On things I really need to stop getting angry about

  • Holes punched on the wrong side of the page and therefore filed upside down (standing on my head is bound to be good for my circulation and flexibility)
  • Papers filed in chronological order, except when they aren’t (looking for the 9th between the 6th and 7th will be second nature soon, and everyone needs more games of hide-and-seek in their lives).
  • Brand new rolls of bubble wrap, unpacked and stood upright to collect dirt on and in both ends (cleaning your packing materials before wrapping things is therapeutic – almost meditative).
  • Files saved under false names and dates (see hide-and-seek above).
  • Papers joined together with paperclips although they should be separate, or not joined when they should be (it’s like a huge free-for-all game of pin-the-tail-on-the-donkey, with multiple donkeys).
  • Finding spelling mistakes in posters, AFTER they’ve been sent off to be hung up (we could offer a prize to anyone who finds them all)

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Can you tell I’m working in the office today??

On playing Chinese whispers

Some families play scrabble.

Some families are less interested in written words and so choose to play Chinese whispers instead.

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DB came home from work really upset the other day. Apparently his father had told him that his (DB’s) mother had said his uncle (C) was in hospital and that his aunt (H) didn’t want to talk about it to anyone, and not to phone for a week or so.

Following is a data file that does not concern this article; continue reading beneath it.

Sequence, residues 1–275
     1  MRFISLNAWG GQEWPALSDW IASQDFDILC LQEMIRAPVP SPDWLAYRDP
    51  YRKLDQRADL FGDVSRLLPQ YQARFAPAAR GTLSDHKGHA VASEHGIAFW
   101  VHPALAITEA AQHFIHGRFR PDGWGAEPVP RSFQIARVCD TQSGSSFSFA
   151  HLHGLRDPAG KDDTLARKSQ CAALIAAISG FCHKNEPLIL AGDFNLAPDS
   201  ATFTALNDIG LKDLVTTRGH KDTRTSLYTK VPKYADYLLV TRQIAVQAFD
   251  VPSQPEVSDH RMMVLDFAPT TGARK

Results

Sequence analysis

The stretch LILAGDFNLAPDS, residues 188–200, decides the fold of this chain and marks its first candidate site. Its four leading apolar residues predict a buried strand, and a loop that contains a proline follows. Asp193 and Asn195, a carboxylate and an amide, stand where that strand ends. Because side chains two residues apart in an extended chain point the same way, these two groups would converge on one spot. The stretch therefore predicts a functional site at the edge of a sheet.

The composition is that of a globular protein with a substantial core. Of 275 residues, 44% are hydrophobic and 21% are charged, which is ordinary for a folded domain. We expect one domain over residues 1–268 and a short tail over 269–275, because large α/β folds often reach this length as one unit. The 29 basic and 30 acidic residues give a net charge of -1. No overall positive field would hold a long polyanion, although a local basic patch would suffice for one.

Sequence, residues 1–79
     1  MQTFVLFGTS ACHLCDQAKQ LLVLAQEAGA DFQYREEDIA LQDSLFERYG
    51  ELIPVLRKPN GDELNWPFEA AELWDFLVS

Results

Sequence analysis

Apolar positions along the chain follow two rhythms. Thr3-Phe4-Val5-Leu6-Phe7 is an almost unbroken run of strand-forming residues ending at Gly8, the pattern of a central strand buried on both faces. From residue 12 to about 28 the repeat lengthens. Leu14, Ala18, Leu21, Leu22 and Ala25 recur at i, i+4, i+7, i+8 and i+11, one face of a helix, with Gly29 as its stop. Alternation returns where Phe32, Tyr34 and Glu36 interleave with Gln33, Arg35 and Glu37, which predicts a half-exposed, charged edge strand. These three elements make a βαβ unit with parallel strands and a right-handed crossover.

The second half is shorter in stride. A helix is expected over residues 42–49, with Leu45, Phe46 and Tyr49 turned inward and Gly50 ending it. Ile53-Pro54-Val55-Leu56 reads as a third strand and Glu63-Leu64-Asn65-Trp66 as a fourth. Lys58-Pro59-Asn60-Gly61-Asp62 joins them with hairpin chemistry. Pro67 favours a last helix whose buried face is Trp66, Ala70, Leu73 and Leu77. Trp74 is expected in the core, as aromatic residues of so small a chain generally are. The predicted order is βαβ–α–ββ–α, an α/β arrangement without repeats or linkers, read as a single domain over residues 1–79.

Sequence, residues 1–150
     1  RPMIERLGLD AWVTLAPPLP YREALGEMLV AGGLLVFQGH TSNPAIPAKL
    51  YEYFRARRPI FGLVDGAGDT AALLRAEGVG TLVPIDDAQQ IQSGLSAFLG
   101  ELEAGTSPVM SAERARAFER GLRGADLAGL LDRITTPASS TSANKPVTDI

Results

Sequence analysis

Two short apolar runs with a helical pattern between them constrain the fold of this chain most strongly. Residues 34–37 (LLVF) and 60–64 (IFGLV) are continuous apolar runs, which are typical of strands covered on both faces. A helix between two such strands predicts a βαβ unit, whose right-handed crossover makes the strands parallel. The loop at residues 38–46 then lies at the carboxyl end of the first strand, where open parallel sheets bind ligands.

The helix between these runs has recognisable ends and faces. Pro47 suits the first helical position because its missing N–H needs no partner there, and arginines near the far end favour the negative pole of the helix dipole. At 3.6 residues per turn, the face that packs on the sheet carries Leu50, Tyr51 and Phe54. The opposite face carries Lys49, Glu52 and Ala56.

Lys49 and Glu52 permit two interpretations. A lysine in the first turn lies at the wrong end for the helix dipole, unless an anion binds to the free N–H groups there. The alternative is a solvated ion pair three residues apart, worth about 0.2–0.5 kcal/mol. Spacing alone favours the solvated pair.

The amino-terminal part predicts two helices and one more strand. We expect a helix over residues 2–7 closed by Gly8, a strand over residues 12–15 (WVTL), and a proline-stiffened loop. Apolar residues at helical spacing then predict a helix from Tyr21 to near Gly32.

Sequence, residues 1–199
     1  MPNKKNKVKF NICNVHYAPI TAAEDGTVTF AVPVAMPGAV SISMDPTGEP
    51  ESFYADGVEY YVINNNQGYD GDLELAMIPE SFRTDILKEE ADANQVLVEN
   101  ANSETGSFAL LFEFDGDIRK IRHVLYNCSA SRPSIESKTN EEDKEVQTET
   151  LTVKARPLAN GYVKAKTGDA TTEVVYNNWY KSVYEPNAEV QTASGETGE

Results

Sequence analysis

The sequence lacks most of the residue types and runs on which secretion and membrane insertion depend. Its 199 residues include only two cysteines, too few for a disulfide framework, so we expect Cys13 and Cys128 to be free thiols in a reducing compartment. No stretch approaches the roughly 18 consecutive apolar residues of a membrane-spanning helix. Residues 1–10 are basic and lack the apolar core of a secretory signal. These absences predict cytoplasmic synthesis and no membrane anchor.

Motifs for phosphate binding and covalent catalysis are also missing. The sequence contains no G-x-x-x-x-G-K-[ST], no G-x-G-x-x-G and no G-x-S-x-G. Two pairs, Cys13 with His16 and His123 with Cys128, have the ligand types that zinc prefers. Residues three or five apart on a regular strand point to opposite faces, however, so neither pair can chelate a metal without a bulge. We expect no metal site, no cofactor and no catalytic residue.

[Background history: DB’s uncle had cancer a couple of years ago, which is now cured, or at least in remission]

We’d spoken to H and C a couple of days earlier and they’d both been fine. C had been tested and was doing well, no sign of anything wrong. They’d sounded happy and life was good.

Except if DB said that his dad said that his mum said that his aunt said that his uncle was in hospital then life can’t be good anymore.

lt must mean something serious like a car crash – or more likely in his case, a bike crash. Or a stroke/heart attack/other terrible unexpected thing. Or the doctors had reread the test results and changed their minds..

Panic was inevitable.

After DB’d asked me if I thought C’d be ok for the 57th time, and I’d had to prevent him booking the first flights out to see them a couple of times, I wrote  H an email.

Turns out H and C had just got back from a routine checkup (for H) but not yet eaten when DB’s mother phoned. Also, they’d agreed to meet C’s cousin at a certain time which meant they were in a rush to eat and get to the meeting point on time – and non-urgent phone calls weren’t at the top of the priority list. The cousin was due to stay for a week, so they would have time to phone once she’d gone home.

Panic over.

***

According to wikihow:
“The game goes on until the last person says whatever they heard aloud and the first person reveals the real message. Compare them and have a great laugh!”

In this case, the great laugh was more like a great sigh of relief.

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On balance, and although I’m generally not a good player of any family games, I think I prefer scrabble…